I have never read any of John le Carré’s books. But I have seen two movies based upon his books. The first was many years ago: The Little Drummer Girl. It is an interesting film, but not all that good. It is probably worth revisiting, especially with the continuing problems between the Israelis and Palestinians. The movie goes along with my many years of experience in academia: taken out of the Middle East, Israelis and Palestinians love each other. Why? Because they are the same fucking people!
Last night, I watched The Spy Who Came in from the Cold. Unlike The Little Drummer Girl, it is a great film. Above all, the film is beautiful to look at. I really love the lighting and camera work of Oswald Morris (Look Back in Anger). But also, the story is stronger, and acting better, and the film just reeks of Cold War tension.
On a basic level, these two films are the same: individuals matter and states are just evil institutions. In The Little Drummer Girl, this is more implicit. Of course, it was written 20 years latter. Apparently, when le Carré first published The Spy Who Came in from the Cold, it created quite a stir. People were used to the James Bond crap and thought of spies as cowboys (Western) and Indians (Eastern). Le Carré was more sophisticated, saying in effect, “They’re all assholes.”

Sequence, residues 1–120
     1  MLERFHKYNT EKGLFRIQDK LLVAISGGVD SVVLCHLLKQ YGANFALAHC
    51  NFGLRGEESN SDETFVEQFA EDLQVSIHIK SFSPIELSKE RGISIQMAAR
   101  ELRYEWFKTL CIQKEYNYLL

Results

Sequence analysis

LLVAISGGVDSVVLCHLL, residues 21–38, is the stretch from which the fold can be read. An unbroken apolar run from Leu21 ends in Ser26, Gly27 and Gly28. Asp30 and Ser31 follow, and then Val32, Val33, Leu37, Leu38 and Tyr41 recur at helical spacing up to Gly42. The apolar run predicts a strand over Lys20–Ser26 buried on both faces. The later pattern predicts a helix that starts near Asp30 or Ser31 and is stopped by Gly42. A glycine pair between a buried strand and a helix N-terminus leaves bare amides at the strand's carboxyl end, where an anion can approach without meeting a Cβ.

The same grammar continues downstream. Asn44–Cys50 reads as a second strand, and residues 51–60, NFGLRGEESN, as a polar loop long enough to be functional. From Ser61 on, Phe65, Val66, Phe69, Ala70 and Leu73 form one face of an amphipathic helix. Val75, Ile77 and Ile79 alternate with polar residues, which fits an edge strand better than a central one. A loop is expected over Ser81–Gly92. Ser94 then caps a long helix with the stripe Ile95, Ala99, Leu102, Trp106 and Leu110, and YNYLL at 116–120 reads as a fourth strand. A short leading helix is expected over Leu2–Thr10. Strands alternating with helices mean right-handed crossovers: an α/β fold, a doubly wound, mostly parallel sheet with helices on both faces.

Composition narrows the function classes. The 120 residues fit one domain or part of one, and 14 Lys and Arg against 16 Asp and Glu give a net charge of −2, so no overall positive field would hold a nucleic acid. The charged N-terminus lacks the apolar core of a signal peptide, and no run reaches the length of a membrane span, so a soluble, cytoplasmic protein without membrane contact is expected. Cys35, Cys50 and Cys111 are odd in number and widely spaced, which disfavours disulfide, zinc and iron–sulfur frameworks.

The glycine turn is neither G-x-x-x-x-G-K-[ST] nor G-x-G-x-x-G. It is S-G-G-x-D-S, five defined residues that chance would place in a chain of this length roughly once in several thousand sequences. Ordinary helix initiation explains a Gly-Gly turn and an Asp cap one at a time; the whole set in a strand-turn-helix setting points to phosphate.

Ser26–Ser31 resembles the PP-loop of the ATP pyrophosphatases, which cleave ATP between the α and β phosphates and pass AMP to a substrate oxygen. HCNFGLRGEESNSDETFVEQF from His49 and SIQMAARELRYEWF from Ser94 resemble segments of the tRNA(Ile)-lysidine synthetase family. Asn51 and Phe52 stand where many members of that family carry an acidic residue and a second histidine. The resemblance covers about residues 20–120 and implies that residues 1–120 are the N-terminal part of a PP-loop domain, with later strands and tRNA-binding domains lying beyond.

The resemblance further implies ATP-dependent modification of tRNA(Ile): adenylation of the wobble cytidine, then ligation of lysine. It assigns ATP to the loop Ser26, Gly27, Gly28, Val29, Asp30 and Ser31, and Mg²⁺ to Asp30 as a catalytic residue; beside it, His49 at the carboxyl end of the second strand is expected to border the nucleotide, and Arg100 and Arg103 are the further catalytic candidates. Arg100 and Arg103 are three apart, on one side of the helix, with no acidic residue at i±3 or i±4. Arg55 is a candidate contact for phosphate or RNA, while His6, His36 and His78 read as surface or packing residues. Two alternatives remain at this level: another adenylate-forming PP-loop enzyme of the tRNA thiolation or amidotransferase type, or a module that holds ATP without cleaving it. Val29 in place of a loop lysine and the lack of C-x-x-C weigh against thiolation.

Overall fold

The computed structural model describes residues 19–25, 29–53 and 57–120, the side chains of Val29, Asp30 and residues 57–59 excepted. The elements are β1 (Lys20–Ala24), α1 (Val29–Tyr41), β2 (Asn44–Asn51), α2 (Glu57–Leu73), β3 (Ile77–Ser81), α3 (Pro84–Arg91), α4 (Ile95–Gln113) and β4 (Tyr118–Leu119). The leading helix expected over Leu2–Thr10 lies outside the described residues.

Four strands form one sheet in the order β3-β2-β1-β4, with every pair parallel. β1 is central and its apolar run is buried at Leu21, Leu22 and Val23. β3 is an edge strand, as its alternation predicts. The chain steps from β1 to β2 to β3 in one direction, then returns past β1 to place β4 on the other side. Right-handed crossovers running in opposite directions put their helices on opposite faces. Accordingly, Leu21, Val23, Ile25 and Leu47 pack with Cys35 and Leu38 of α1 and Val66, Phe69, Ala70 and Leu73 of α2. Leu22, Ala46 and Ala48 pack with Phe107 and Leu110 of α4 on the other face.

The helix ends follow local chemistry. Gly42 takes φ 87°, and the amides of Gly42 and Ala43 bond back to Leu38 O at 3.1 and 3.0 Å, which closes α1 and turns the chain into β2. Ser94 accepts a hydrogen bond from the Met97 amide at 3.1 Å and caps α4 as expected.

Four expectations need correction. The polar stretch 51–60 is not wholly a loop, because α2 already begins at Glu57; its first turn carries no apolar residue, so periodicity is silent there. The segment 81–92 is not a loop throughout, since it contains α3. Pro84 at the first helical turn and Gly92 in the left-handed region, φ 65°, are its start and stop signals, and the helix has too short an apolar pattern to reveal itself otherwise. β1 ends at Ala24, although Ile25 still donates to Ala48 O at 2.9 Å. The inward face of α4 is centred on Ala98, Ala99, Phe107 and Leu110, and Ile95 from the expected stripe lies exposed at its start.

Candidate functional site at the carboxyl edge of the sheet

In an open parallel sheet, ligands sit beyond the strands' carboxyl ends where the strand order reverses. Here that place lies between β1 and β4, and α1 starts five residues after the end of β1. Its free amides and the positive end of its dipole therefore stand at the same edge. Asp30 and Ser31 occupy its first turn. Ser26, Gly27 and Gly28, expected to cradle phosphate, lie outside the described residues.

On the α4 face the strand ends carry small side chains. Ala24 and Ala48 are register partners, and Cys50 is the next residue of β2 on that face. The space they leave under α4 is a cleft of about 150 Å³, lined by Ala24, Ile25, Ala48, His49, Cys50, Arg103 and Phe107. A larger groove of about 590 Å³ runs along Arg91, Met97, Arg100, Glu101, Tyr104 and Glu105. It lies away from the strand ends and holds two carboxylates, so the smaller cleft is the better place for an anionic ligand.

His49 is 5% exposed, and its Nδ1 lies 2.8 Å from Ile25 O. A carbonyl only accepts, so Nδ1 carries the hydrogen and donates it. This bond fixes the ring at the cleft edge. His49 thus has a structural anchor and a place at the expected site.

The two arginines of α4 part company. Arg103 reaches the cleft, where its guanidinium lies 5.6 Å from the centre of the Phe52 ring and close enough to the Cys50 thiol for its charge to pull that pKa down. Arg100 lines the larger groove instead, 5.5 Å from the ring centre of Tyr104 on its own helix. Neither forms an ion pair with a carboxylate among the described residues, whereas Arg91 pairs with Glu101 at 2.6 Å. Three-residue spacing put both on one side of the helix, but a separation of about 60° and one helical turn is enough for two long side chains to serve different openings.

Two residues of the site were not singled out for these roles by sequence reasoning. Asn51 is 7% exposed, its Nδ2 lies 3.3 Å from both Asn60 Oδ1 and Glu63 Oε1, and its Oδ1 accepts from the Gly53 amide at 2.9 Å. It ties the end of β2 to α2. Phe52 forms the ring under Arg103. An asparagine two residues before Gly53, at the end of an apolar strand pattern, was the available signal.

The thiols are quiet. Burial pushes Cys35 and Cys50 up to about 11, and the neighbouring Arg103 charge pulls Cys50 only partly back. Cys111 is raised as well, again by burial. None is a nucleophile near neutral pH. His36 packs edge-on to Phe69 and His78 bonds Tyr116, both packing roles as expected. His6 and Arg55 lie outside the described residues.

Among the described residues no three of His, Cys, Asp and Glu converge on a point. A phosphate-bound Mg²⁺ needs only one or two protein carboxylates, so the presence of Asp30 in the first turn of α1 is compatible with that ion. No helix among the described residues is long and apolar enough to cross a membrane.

It was funny watching The Spy Who Came in from the Cold last night. This story, created almost 50 years ago, evidences so much more nuanced an understand of foreign affairs than we get today even in serious reporting. I think we’ve taken a big step backwards. If The Spy Who Came in from the Cold were released today, it would be savagely attacked on Fox News. And this is after Dick Chaney and company said publicly what Control says in the film: they need to be as evil as the other side.
Of course, if this is all that le Carré had on offer, both these movies would be nothing more than exercises in extreme cynicism. But they aren’t. This is because they provide the one defense we have against an evil world: our individual relationships. This is what makes the ending of The Spy Who Came in from the Cold so noble, if sad.